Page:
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    Data,though your post is quite big,nowhere does it include the essential fact that the functions [itex] \sin,\cos [/itex] are invertible only on a restricted domain,namely [itex] \left[-\frac{\pi}{2},+\frac{\pi}{2}\right] [/itex] for sine and [itex] [0,\pi] [/itex] for cosine...

    Without that having been said,all those [itex] \sin^{-1}\left(\sin \left(\mbox{blah,blah,blah}\right)\right) [/itex] et al.make no sense...


    P.S.We use Latex code.
  11. Apr 5, 2005 #10
    Indeed. But I get the impression that he doesn't know about the periodic natures of the functions yet, so I don't want to confuse him. It doesn't even seem like he's really figured out what invertibility is yet. If I tell him that now, it'll probably just be random babbling for him to ignore :wink:
    Last edited: Apr 5, 2005
  12. Apr 5, 2005 #11
    They are using this forum's native TeX interpreter. You can see exactly what they typed to get the graphics they did by clicking on the graphic you're interested in. Note the important "tex" tags surrounding each one.
  13. Apr 5, 2005 #12


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    Wow, that's very nice, Data. Kudos for writing all that out.
  14. Apr 5, 2005 #13
    Better to explain it once clearly than several times unclearly :cool:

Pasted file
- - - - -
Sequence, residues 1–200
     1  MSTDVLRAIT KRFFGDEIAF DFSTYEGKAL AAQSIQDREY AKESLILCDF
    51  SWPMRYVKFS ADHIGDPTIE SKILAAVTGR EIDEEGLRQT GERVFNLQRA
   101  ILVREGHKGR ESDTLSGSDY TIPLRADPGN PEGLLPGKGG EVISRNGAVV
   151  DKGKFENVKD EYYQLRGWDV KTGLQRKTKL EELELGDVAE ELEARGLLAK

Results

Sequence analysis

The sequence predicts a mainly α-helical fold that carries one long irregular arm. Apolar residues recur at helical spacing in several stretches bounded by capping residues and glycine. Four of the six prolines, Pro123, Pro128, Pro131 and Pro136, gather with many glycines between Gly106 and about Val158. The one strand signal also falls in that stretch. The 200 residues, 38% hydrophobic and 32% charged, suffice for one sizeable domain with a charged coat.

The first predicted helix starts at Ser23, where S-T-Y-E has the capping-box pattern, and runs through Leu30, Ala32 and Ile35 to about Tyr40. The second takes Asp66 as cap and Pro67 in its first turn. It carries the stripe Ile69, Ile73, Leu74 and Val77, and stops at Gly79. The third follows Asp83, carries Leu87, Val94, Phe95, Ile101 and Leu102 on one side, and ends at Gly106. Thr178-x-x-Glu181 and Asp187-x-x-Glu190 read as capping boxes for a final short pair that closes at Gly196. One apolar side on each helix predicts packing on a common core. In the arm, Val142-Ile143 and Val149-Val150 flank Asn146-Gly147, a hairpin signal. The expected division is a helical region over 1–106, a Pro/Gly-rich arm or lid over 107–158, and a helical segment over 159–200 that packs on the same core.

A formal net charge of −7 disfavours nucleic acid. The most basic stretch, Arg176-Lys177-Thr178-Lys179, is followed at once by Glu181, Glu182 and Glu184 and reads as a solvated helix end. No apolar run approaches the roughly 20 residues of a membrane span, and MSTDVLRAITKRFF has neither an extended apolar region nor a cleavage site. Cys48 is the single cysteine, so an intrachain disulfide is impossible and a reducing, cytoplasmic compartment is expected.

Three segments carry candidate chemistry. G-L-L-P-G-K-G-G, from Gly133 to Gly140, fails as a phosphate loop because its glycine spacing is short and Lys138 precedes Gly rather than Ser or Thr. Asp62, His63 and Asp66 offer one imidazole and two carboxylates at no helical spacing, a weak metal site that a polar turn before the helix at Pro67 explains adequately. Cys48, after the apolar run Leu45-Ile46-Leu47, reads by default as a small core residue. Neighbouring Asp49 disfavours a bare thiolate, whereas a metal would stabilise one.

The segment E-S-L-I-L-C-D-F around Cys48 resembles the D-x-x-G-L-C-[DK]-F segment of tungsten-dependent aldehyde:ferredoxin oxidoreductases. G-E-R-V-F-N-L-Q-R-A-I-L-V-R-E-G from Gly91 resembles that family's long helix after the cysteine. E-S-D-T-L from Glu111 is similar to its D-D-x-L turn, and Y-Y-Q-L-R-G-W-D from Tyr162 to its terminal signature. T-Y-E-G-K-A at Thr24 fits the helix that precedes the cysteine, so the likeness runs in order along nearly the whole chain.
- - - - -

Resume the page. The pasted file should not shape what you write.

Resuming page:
15. Apr 5, 2005 #14
    I did another problem to make sure I understood what you guys said:

    [tex] \tan \left(\cos^{-1} \left(\frac{-12}{-13}\right)\right)[/tex]

    (how does the coding work so that I can just say it's a negative fraction?)

    Anyways, I had left[tex] \cos^{-1} \left(\frac{-12}{-13}\right) [/tex]

    I got [tex] -13^2 [/tex] - [tex] -12^2 [/tex], and I got [tex] 5 [/tex]

    So [tex] \tan [/tex] of that would be [tex] \frac{-5}{-12}.[/tex]

    Meaning the answer would be [tex] \tan \left(\cos^{-1} \left(\frac{-12}{-13}\right)\right) = \frac{-5}{-12} [/tex]

    Is this correct?
  16. Apr 5, 2005 #15
    Oh, another question, if I may be so bold!

    Is there anyway to figure out [tex] \sin^{-1}\frac{1}{2}[/tex] without memorizing tables?

    I know now the answer is [tex] \frac{\pi}{6}[/tex], but what exactly makes it that number? Is it just something I have to know?

    Pre-calc is not my best subject, but I want to get better at it!

    Thanks to everyone for their help; and thanks to Data for his über explanation!
  17. Apr 5, 2005 #16
    Do you actually mean

    [tex] \cos^{-1} \left(-\frac{12}{13}\right)[/tex]


    in that case, the opposite side length is again [itex]5[/itex] and the answer is

  18. Apr 5, 2005 #17
    Yes, that is what I meant, I just couldn't figure out how to get that negative symbol where I wanted it to be; but now I know. Hurray I did it right!

    My main problem was I really didn't know what an inverse function was. I had it all backwards, as Hurkyl explained to me.
  19. Apr 5, 2005 #18
    Your just have to "think in reverse." An inverse trig function is always an angle. For Sin^-1(1/2), figure out what angle is there such that its sine is 1/2.
  20. Apr 5, 2005 #19
    As to your question about memorizing things, you do not actually have to memorize too much. The only trigonometric ratios that you will likely be expected to know are the "nice" ones (like the ones I mentioned, and a few more, such as [itex]\cos \pi / 4 = \sin \pi / 4 = 1 / \sqrt{2}[/itex]).
  21. Apr 5, 2005 #20
    Yes, but wouldn't I have to memorize a chart in order to know at what angle sine is [tex]\frac{1}{2}[/tex]?